Grant money to help local courts with tech upgrades

News Photo by Julie Riddle Bent paper clips hold a smartphone on Chris Grant’s computer monitor, a workaround to allow the Alpena County juvenile probation officer to work via videoconference.

ALPENA — More than $54,000 promised to Alpena County will cover the bill for new technology to help ease the crunch of the coronavirus in local courtrooms.

Alpena courts received word last week that the county was approved for a grant from the U.S. Department of Justice, earmarked for offsetting the effects of the pandemic on local court systems.

Local courts went all-virtual in the space of only a few days in late March, when much of the state was under stay-at-home orders to prevent the spread of the coronavirus.

Court officials were using bare-bones equipment at the time, including computer monitors with no camera or speaker — features vital to the videoconferencing that quickly became the new way of doing court.

Months of juggling digital hearings and wrangling virtual court participants — many of them uncomfortable with videoconferencing and using unreliable technology themselves — were all the more challenging as court personnel made the most of old equipment to do a new job.

The county budget didn’t have wiggle room for the purchase of new technology, although at least one new laptop was purchased as an absolute necessity, said Marcia Burns, 26th Circuit Court administrator in Alpena.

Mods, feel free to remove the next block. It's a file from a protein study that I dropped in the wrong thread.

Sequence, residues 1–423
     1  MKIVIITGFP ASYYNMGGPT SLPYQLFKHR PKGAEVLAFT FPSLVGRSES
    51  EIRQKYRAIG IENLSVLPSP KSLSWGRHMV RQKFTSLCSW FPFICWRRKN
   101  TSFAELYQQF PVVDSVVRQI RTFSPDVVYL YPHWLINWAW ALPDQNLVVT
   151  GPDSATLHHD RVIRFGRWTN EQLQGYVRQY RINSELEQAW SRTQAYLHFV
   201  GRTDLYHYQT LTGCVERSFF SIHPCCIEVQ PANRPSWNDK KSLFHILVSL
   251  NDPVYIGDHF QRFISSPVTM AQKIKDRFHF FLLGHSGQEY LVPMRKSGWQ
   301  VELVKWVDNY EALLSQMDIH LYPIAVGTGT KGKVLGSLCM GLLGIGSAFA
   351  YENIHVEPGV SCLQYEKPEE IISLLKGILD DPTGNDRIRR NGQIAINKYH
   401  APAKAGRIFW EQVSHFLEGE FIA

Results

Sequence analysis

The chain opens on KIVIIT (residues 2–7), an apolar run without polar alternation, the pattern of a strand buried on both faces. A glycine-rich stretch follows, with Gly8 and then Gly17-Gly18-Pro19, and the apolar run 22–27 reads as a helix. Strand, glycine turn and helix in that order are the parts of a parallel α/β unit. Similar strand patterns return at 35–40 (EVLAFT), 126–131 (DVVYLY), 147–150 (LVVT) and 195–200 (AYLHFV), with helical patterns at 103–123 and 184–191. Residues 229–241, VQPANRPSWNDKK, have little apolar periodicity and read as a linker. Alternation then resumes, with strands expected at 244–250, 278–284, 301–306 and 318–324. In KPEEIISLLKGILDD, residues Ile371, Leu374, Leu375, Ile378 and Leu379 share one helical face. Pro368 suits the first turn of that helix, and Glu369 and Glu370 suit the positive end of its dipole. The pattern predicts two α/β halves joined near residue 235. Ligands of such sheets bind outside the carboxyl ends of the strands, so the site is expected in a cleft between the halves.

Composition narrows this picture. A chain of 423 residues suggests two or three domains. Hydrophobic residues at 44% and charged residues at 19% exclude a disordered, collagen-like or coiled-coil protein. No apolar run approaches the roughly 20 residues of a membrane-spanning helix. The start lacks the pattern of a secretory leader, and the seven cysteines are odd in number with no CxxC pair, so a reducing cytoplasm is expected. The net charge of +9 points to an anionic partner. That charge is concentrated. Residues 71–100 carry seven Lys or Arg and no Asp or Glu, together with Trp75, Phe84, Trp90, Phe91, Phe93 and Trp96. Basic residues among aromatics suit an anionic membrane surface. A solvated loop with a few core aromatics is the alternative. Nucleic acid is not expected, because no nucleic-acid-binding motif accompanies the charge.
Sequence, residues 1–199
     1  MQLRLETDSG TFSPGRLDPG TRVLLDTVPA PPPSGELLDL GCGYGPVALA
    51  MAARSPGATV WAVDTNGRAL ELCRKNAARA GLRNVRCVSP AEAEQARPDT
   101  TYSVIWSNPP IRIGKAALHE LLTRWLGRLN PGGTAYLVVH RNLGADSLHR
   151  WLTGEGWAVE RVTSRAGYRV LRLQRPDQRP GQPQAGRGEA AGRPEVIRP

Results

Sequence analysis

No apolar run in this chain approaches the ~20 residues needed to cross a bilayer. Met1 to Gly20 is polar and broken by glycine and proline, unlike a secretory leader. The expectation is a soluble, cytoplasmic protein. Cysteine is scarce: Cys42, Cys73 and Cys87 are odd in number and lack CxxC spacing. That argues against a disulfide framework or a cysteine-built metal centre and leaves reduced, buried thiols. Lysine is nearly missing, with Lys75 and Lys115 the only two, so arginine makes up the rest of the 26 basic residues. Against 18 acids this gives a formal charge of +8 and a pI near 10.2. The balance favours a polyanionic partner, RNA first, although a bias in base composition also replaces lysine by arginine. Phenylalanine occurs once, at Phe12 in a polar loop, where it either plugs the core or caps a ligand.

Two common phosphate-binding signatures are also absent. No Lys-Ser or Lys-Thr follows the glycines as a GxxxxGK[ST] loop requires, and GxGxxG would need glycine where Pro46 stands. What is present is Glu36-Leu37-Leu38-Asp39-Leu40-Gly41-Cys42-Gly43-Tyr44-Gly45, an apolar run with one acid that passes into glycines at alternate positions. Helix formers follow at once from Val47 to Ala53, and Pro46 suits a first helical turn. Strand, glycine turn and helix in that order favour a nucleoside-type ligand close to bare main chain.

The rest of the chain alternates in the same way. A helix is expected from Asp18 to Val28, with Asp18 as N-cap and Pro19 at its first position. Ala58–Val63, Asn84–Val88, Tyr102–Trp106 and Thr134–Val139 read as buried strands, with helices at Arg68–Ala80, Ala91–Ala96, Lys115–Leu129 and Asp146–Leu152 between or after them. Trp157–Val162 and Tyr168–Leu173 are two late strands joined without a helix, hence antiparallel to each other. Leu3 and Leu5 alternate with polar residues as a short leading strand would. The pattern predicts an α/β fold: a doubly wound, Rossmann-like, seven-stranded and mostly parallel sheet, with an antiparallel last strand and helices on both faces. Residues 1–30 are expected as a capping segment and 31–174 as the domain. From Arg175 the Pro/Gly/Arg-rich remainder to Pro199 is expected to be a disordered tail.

With the assurance of federal money to back new and needed tech, Alpena County’s circuit, district, and probate courts can invest in laptops, cameras, wireless headsets, and other equipment to enable court workers to work efficiently in a digital environment.

At the 4th District Probate Court, probation officer Chris Grant recently graduated to a slightly contorted business card holder to hang his smartphone from his computer’s dated monitor during videoconference calls with his 10- to 17-year-old charges. The business card holder is an upgrade from the creatively-bent paper clip hangers he used at first.

“It’s high-tech-ish,” Grant said, balancing his phone on the card holder in a demonstration of the creative lengths to which courts have gone to make sure the flow of justice continued undisturbed during the pandemic.

Thanks to the DOJ grant, his old computer will soon be replaced by one with modern capabilities, and perhaps a second monitor to make digital communication easier.

A nod to safety, the grant will also fund Plexiglas barriers for courtrooms, jury rooms, probation desks, and meeting rooms. Funds have also been earmarked to cover the costs of installing a monitor for remote public viewing of court activity and hiring a court reporter when jury selection has to be held offsite.

After months of bootstrapping their way through a high-tech challenge with low-tech equipment, court personnel will get a much-needed helping hand when their new equipment arrives — which, Burns said, will happen as soon as they can find spare funds to pay for it until DOJ reimbursement is received.

“We’re just so excited,” Burns said. “It’s been a long road.”


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